Ms. K. C. Arceneaux, Ph.D. has written a very positive article about the current situation and allegations Michael Jackson is facing. She is a Pushcart nominee and winner of a Tara Fellowship from the Heekin Group.
Jackson Case May Be Unraveling: Who's Bad?
by Ms. K. C. Arceneaux, Ph.D.
August 5, 2004
There is growing evidence that the child molestation case against Michael Jackson may be unraveling. Jackson's song "Bad" may be an accurate description, not of Jackson, but of the DA prosecuting the case. In the latest in a series of alleged abuses of power in the conduct of the case, Santa Barbara District Attorney Tom Sneddon has revealed that he notified people that they were potential witnesses in the Jackson case, for the purpose of preventing them from talking to the press.
It was reported by thirty year veteran news-man Robert Matas that Sneddon said, "We sent letters to some people saying we intended to call them as witnesses in order to keep them off TV." Sneddon's statements, made at a conference of the National District Attorneys' Association, in Vancouver, Canada, have drawn heavy criticism. Jackson's attorneys have called for an investigation as to whether the gag order was violated by Sneddon's public discussions of the Jackson case.
In at attempt at damage control, Sneddon has said first, that he did not make the statement, and then, that the statement he did not make was taken out of context. He said, "I would have to be criminally dumb to get up and say that." Criminal dumbness is an unfortunate description of the DA's conduct, but it may be accurate. Matas stands by his story, and says that he took notes during the proceedings. Matas said, "It's definitely accurate. My notes were accurate." Sneddon also said that he thought the session at which he spoke would not be covered by the press. Matas was the sole reporter present.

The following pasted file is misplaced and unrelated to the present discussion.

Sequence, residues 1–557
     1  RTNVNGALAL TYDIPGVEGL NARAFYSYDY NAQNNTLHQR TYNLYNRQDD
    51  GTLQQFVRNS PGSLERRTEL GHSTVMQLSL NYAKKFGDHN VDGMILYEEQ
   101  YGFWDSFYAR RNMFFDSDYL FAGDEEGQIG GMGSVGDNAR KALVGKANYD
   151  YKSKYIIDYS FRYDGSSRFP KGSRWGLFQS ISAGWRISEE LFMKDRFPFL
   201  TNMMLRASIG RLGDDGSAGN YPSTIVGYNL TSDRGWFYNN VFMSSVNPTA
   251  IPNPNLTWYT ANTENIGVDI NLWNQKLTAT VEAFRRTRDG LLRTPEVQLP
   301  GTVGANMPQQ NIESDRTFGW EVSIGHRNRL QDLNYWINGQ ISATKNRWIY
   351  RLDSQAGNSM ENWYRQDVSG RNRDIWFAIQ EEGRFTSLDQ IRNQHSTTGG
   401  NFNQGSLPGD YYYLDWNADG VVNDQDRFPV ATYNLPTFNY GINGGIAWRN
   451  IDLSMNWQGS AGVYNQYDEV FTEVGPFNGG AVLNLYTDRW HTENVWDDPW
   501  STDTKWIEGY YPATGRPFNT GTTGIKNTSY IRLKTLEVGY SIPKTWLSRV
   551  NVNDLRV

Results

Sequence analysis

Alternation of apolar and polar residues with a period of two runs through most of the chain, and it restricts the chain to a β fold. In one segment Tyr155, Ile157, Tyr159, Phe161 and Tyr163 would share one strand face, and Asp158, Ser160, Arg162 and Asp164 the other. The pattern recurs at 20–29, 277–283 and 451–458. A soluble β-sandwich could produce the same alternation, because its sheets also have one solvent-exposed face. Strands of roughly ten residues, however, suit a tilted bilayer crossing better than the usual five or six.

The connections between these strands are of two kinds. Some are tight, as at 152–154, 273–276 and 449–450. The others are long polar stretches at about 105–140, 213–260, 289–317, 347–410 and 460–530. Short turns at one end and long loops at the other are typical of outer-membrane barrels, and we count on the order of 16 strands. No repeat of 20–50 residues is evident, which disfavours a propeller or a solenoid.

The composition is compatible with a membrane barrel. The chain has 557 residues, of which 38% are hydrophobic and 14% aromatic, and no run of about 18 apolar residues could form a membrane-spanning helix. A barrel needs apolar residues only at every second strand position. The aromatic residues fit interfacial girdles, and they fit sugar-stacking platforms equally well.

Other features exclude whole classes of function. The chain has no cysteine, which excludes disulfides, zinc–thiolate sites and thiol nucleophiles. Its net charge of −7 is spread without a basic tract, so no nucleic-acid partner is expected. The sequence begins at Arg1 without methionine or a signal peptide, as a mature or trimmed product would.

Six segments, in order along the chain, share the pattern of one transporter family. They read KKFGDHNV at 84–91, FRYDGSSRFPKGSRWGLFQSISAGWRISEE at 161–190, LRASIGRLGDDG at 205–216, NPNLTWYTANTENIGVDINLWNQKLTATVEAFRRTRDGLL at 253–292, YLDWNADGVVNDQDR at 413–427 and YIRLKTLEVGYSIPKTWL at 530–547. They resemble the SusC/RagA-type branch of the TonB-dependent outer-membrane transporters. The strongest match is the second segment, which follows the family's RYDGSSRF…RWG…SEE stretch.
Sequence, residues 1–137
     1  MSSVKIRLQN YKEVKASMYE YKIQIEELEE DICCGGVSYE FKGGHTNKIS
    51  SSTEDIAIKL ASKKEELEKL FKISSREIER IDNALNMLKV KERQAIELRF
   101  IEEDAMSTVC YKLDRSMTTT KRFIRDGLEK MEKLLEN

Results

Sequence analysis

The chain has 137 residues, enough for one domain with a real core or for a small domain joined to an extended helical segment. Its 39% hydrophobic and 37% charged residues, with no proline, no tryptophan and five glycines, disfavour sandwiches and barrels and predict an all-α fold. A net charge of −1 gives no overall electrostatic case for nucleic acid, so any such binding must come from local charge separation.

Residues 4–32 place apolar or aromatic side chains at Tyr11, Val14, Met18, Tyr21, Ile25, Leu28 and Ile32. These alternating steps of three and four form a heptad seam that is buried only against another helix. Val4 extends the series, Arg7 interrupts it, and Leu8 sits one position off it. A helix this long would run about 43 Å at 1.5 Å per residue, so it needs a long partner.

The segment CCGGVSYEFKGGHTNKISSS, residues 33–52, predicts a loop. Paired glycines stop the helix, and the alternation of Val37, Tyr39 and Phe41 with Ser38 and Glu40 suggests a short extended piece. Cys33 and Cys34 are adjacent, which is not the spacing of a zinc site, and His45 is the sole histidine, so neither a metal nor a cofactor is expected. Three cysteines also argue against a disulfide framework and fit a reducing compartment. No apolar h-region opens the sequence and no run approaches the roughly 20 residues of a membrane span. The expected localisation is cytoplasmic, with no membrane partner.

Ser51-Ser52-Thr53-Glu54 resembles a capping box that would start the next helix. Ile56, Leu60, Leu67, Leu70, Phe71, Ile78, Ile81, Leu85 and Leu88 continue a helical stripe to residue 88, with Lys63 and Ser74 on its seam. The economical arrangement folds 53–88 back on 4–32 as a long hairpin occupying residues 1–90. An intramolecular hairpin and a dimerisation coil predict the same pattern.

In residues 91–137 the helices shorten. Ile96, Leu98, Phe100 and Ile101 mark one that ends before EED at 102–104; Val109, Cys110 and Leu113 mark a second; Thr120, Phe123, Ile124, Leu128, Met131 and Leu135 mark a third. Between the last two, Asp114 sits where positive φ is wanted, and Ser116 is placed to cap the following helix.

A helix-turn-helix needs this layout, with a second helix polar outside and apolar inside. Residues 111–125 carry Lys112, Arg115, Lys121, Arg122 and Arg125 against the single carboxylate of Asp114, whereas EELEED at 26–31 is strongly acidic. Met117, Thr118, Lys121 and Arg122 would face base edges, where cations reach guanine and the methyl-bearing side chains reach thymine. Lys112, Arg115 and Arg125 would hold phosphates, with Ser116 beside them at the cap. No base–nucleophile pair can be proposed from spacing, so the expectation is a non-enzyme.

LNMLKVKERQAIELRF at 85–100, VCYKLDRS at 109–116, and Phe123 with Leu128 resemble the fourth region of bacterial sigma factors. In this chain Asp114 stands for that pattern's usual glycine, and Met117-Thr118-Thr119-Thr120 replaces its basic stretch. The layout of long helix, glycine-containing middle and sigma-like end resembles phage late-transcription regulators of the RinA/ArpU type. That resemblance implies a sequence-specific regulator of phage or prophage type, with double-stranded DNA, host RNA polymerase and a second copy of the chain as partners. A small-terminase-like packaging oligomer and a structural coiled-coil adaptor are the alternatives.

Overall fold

After the session at which Sneddon spoke, reporter Matas asked him a follow-up question about the Jackson case, saying, "I went up and asked him what he was most surprised about. He said that he's been accused of doing this in revenge." Sneddon continues to deny that this is a revenge case. From its inception, Jackson's attorneys have alleged that the case against Michael Jackson is the result of a vendetta.
Evidence has been growing steadily that Jackson' s attorneys are right in their assertions. There are many alleged improprieties and abuses of power in the case. Jackson's attorneys have filed a motion to dismiss the indictment against Jackson, saying that Sneddon engaged in outrageous conduct and bullied the Grand Jury. Jackson's attorneys have also said that Sneddon violated attorney/client privilege when he confiscated materials from the office of Bradley Miller, a private investigator employed by then Jackson attorney, Mark Geragos. It has been discovered that Sneddon investigated aspects of the case himself, and conducted surveillance. Sneddon also met with the mother of the accuser alone in a parking lot; and that, according to Fox News columnist Roger Friedman, Sneddon's business card was found under the accuser's mother's door on Feb. 16th, long before the allegations were made.